Leading Barclays' boss rejects lending targets plan

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A leading Barclays' boss today rejected Government plans to impose targets for lending to small businesses.

Despite ministers' fears that a drought in credit is threatening the economic recovery, Steve Cooper, head of Barclays' small business division, said he would not want to comply with lending targets.

Mr Cooper told the Financial Times: "I'm not going to sign up to a target. I don't want to create an expectation that if Barclays said no yesterday it could say yes tomorrow (because it has a target to achieve)."

Barclays' part-nationalised rivals Lloyds Banking Group and Royal Bank of Scotland have agreed to lending targets - but last month business secretary Vince Cable unveiled plans to widen these agreements to other UK banks.

The government wants banks, which have racked up £15 billion in half-year profits, to use their gains to increase the flow of credit rather than handing out bumper bonuses and dividends.

But the banks believe the problem is one of demand for credit, not supply, and Mr Cooper's dismissal of the proposed lending targets follows a similar rejection from HSBC earlier in the month.

Mr Cooper's comments may fuel the political furore surrounding the banking industry's support for small business, as pressure mounts to boost lending.

According to the Bank of England's most recent Trends in Lending report, overall lending to businesses contracted by £2.3 billion in May - more than double the £1.1 billion slide seen in April.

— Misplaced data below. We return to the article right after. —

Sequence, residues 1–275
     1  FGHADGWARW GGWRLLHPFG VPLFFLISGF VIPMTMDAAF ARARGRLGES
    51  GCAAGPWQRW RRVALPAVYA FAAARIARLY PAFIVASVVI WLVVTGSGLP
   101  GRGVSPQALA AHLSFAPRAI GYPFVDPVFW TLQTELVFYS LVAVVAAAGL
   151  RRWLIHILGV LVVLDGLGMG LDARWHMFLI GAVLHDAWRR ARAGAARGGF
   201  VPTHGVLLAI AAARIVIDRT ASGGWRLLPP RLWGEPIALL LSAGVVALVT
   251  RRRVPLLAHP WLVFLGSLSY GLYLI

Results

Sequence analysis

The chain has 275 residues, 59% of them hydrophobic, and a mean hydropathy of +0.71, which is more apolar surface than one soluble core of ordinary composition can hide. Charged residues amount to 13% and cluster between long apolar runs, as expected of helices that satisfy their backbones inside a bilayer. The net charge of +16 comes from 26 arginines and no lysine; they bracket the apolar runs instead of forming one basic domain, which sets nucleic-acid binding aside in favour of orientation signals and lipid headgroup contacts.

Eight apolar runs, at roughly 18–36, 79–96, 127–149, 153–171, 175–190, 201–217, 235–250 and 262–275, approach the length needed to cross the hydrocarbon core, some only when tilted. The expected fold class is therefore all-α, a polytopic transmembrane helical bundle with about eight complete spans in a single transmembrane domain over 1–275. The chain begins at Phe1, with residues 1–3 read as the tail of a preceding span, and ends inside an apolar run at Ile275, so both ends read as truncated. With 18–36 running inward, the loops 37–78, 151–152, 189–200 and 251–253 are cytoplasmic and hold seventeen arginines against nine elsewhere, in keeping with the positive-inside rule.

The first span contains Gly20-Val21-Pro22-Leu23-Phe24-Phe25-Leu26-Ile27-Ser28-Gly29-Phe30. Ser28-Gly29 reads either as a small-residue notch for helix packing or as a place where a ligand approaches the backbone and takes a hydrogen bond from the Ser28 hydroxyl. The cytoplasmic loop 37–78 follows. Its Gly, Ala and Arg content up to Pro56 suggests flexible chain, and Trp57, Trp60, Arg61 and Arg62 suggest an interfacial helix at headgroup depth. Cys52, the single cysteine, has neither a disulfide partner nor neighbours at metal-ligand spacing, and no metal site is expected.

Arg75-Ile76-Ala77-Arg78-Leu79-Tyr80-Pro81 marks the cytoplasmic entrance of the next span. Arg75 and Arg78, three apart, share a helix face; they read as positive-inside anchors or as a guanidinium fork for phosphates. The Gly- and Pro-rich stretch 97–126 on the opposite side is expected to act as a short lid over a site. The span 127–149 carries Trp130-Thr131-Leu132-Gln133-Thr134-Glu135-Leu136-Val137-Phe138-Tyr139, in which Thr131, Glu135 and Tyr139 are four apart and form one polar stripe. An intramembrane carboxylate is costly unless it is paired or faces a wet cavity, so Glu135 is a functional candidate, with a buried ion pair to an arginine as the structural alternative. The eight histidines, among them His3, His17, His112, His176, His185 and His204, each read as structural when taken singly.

Lending to private firms was down 4.4% year-on-year in June, the Bank's figures say - in contrast with the pre-credit crunch era when it was growing at an annual rate of almost 20%.

The British Bankers' Association (BBA) attributed the trend to falling demand as companies attempted to reduce debts - but many business lobby groups have blamed the lack of demand on the rising price of credit.

Mr Cooper, who oversees lending to 750,000 small and medium-sized companies, also defended charging more for corporate loans.

He said the banks had to price more cautiously for risk.

"There has been a real shift in risk profile, which is reflected in the price," he said.

Mr Cooper told the FT that while the majority of small businesses paid 5% or less for credit, some loan rates hit as high as 19.9%. This might typically be offered to those businesses with a poor credit record and without security for the loan.

Last week a new taskforce was set up by the British Bankers' Association to assess credit demand from small firms and to put forward recommendations to aid recovery. The group will report its initial findings to Chancellor George Osborne in early October.